01/2013 – C4ISR
Issue: CF Manned C4ISR (Command, Control, Communications, Computers Intelligence Surveillance and Reconnaissance) Capability
? The Canada First Defence Strategy (CFDS) outlines the following strategic Intelligence, Surveillance and Reconnaissance (ISR) responsibilities:
o The Canadian Forces (CF) must work closely with federal government partners to ensure the constant monitoring of Canada?s territory and air and maritime approaches, including in the Arctic, to detect threats to Canadian security as early as possible;
o The CF must be able to identify and deal with such threats as over-fishing, organized crime, drug and people smuggling and environmental degradation and maintain capabilities to address these quickly and effectively if so directed; and
o The CF must have the capacity to exercise control over and defend Canada?s sovereignty in the Arctic.
? In addition, the CF must be able to make a meaningful contribution to the full spectrum of international operations ? operations which, as evidenced in Afghanistan, Libya and elsewhere, rely highly on information derived from C4ISR capabilities.
? The most effective platform currently available for the CF to carry out strategic C4ISR is the CP-140 Aurora. This aircraft has been significantly upgraded in recent years as part of the Aurora Incremental Modernization Project (AIMP) which, in addition to replacing outdated navigation and communications systems, introduced highly capable new sensor systems for:
o acoustic processing;
o electro-optical and infra-red (EO/IR) surveillance;
o electronic warfare support (ESM);
o radar imaging;
o magnetic anomaly detection (MAD); and
o data management.
? The upgraded CP-140 is considered by knowledgeable observers, from a systems perspective, as being one of if not the most capable multi-mission Long Range Patrol aircraft currently in existence.
? In addition to systems upgrades, as part of the CP-140 modernization process, DND also took steps to extend the Aurora?s available service life through the Aurora Service Life Extension Program (ASLEP). While all 18 Auroras were originally expected to be life extended, the announced plan is for only 10 aircraft to go through ASLEP. This will result in a significant degradation in Canada?s C4ISR capabilities by the end of the decade unless steps are taken to resolve the issue.
? The CFDS originally called for the Aurora fleet to be replaced with 10 to 12 modern maritime patrol aircraft (MPA) in about 2020 as part of what was characterized as a surveillance ?system of systems?: manned aircraft; unmanned aerial vehicles (UAVs); and satellites. While plans are somewhat unclear, it has become increasingly evident of late that at least the MPA portion of this plan will not happen in a timely manner.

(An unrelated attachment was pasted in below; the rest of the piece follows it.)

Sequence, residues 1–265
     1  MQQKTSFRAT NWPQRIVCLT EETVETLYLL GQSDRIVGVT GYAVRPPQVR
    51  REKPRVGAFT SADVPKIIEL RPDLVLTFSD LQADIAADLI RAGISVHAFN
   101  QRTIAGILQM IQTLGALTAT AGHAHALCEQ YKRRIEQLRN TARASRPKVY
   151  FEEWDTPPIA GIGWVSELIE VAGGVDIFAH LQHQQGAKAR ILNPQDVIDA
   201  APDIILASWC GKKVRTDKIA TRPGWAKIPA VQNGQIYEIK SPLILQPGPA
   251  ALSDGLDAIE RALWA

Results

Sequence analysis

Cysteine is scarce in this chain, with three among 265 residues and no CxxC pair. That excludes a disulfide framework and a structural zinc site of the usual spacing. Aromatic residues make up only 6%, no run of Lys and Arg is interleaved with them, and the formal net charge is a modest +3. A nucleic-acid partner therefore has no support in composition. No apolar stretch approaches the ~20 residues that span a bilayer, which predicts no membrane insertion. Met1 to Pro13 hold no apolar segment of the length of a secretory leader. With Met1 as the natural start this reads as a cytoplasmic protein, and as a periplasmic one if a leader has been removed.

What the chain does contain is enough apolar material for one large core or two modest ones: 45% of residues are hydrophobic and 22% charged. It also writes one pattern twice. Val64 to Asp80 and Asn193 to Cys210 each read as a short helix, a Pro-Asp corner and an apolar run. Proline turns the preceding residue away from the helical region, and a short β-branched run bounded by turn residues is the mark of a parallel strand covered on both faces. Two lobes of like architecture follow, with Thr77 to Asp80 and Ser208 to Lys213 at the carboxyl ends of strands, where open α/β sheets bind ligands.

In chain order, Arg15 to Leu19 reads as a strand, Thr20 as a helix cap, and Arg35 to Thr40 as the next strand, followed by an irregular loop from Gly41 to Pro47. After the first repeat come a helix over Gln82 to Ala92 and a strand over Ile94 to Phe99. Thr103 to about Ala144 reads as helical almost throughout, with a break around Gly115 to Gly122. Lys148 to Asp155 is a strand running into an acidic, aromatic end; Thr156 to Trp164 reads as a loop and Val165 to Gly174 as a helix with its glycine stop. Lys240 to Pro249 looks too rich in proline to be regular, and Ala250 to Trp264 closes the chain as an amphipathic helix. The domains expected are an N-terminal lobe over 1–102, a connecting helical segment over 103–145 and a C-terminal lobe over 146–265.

? Modernizing the CP-140 Aurora has provided new life to the Aurora fleet and has given the CF an outstanding ability to carry out joint (land, sea and air) C4ISR missions, at home and abroad. As demonstrated in recent operations near and over Libya, the aircraft has the ability to conduct surveillance over land or water; to command and control joint forces; and to conduct other complex C4ISR missions of great value to Canadian and Allied Joint Force Commanders. Of course, the CP-140 also retains an outstanding ability to carry out anti-submarine warfare operations should these be required.
? While there is potential for the CP-140 to be replaced by a comparable Multi-Mission Aircraft (the Boeing P-8 Poseidon being one example) it appears increasingly doubtful that the defence budget will allow acquisition of such an aircraft before non-ASLEP CP-140s run out of available service life. There is also concern that other elements of the surveillance ?system of systems? foreseen in the CFDS may be delayed.
? Under the circumstances, AFAC considers the most prudent course of action would be to upgrade as many of the available CP-140s as possible to allow this critical platform to continue to operate until approximately 2025 ? 2030. In addition to ensuring Canada?s existing AIMP investments are not squandered, this would give DND time to investigate and move forward with alternative (and perhaps currently unforeseen) C4ISR solutions.
? The CP-140 Aurora currently represents a critical strategic C4ISR capability, one which will be increasingly important to Canada in the future for deployed operations, coastal surveillance and Arctic sovereignty.
? The CP-140 is a multi-mission platform capable of contributing to operations over land and sea and across the full spectrum of operations, from search and rescue to combat.
? Canada has made a significant investment over the past decade to modernize the CP-140?s avionics and sensor systems. As a result, the aircraft has capabilities which now match or exceed those of the most technologically advanced ISR platforms available to Western military forces.